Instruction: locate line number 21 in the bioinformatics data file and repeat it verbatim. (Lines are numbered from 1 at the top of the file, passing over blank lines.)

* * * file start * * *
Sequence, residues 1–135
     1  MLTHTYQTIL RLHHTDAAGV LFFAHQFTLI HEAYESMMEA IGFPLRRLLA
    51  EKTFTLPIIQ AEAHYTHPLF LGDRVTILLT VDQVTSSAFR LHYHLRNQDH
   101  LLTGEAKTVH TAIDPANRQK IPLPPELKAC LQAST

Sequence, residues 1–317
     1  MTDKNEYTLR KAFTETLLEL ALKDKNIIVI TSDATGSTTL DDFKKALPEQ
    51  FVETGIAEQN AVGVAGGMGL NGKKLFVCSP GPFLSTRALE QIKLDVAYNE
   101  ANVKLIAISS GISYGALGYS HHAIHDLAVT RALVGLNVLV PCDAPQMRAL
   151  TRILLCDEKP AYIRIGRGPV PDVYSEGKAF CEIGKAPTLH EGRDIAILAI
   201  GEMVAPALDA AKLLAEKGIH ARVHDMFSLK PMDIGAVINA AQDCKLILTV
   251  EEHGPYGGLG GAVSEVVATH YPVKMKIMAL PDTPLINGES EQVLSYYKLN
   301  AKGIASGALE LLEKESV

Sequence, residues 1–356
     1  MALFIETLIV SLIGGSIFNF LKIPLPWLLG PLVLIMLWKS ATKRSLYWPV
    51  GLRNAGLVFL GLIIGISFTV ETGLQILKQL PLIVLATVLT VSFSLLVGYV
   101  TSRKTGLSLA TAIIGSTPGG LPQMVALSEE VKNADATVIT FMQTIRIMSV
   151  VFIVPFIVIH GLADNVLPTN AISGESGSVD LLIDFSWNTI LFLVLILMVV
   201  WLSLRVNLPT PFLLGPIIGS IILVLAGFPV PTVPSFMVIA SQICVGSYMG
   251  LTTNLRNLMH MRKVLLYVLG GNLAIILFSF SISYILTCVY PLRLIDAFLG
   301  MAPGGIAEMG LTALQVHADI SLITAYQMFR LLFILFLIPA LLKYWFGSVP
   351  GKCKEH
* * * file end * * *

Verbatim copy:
   351  GKCKEH